Devil in a Red Dress: How Color Affects Men, Women, and Our Sex Drives
By Heath Shive
Did you know that men tip waitresses more when the women wear red?
Psychologist Nicolas Gueguen published a paper on this little color insight.
But it doesn’t stop there.
The story goes that matadors use red capes because the color provokes the bulls, and baboons flash a red butt to signal status.
Does red bring out the animal…in you?
This is called embodied cognition, and psychologist Thalma Lobel has written an entire book about it called Sensation: The New Science of Physical Intelligence – which is where I found following studies.
To the science!
Are Men Suckers for Red?
Researchers Andrew Elliot and Daniela Niesta published a study in 2008. They showed 2 groups of men a black-and-white photo of a young woman for about 5 seconds. Both groups of men saw the same woman - but half of the men saw on the picture with a red background and the other half saw the picture on a white background.
The men were then asked to rate the woman’s attractiveness on a scale of 1 to 9.
The men who saw the woman on a red background rated her as more attractive than the men who saw the white background.
Typical oversexed men, right?
Are Women Suckers for Red Too?
In 2010, researchers (again including Elliot and Niesta) performed a similar experiment on women. Women were shown the picture of a man. But the women either saw the picture with a red, white or gray background.
As expected, women who saw the picture of the man with a red background rated him as more attractive and more desirable than the women who saw the other backgrounds.
Red has a measurable effect on humans.
But don’t get carried away, guys. Just because an effect is measurable does not mean it is of primary significance.
Though women seem to succeed with wearing red dresses, there’s a reason men don’t wear red suits, looking like cartoonish villains.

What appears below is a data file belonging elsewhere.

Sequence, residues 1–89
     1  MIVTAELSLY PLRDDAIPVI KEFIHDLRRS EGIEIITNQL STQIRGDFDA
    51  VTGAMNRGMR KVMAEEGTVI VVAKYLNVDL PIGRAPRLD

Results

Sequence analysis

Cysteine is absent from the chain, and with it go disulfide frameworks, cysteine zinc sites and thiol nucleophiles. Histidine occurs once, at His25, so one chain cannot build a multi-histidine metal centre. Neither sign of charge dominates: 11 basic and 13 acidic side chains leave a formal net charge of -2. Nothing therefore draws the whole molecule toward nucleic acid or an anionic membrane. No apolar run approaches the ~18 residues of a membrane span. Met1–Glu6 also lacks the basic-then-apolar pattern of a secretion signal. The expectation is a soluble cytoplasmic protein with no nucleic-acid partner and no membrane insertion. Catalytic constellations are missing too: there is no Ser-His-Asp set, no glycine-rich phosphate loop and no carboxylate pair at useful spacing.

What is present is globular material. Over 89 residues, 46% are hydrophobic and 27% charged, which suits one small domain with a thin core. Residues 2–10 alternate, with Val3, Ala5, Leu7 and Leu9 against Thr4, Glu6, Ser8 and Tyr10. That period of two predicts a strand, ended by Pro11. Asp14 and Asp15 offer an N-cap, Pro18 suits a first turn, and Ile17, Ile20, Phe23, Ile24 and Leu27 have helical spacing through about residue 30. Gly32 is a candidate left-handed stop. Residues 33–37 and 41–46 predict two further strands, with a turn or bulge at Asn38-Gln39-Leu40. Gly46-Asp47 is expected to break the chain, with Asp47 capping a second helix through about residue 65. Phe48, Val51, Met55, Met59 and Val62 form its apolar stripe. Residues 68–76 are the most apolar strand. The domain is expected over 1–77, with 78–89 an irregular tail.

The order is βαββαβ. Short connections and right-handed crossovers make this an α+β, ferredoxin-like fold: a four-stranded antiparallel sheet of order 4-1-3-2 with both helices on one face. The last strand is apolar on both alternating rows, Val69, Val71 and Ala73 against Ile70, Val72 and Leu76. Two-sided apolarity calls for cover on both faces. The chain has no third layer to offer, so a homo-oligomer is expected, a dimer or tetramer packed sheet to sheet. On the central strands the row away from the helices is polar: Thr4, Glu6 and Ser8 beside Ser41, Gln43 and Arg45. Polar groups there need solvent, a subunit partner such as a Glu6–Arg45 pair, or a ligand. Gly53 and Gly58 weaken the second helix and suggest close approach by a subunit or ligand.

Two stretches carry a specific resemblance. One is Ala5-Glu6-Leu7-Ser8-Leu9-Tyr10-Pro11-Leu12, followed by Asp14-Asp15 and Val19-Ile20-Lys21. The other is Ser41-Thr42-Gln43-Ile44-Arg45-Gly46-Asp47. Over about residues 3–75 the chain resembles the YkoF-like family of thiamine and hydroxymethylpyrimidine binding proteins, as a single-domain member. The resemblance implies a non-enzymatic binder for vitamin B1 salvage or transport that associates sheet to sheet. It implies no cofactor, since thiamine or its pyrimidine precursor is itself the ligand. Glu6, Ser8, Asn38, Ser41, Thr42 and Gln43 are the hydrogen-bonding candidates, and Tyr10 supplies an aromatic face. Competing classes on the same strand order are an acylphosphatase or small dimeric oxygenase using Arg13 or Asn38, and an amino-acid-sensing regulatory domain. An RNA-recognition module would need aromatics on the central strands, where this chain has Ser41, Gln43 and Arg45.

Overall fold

But observe the color of a politician’s tie, a rich man’s car, or even a stop sign.
Red gets our attention.
Psychology frequently tells us that our instincts and experiences (our insides) affect our actions in the outside world.
But studies can also show that the outside world (its colors, smells, sounds, and textures) affect our inner selves and thinking too.
Whether we admit it or not, we are all are sensual creatures.
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A. J. Elliot and D. Niesta (2008). Romantic red: Red enhances men’s attraction to women. Journal Personality and Social Psychology, 95 (5), 1150-1164.
A.J. Elliot, D. Niesta Kayser, T. Greitenmeyer, S. Lichtensfeld, R. H. Gramzow, M. A. Maier, and H. Liu (2010). Red, rank, and romance in women viewing men. Journal of Experimental Psychology: General, 139 (3), 399-417.
Lobel, Thalma. Sensation: The New Science of Physical Intelligence. Atria Books, 2014.
N. Gueguen and C Jacob (2012). Clothing color and tipping: Gentlemen patrons give more tips to waitresses with red clothes. Journal of Hospitality and Tourism Research, April 18, 2012.
Hello! My name is Heath Shive, content manager at ScholarFox. I'll be the author of most of the blog posts. I'm a former geologist and currently a freelance writer. The world is complex and seemingly crazy. Good! Because when you love to learn, you'll never be bored.